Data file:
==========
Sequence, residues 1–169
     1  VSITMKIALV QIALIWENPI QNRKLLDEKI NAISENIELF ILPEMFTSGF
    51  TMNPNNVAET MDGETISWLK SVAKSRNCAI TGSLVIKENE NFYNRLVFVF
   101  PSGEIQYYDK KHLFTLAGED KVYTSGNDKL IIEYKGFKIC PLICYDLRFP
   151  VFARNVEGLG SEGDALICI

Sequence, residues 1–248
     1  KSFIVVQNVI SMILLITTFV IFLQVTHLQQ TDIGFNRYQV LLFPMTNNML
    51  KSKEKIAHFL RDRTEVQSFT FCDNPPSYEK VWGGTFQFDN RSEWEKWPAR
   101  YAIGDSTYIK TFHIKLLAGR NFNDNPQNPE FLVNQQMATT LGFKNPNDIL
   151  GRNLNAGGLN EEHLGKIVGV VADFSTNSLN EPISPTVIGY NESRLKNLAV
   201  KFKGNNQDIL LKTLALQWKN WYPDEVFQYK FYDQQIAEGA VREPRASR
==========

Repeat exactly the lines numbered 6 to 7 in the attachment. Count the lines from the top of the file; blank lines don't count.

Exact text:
Sequence, residues 1–248
     1  KSFIVVQNVI SMILLITTFV IFLQVTHLQQ TDIGFNRYQV LLFPMTNNML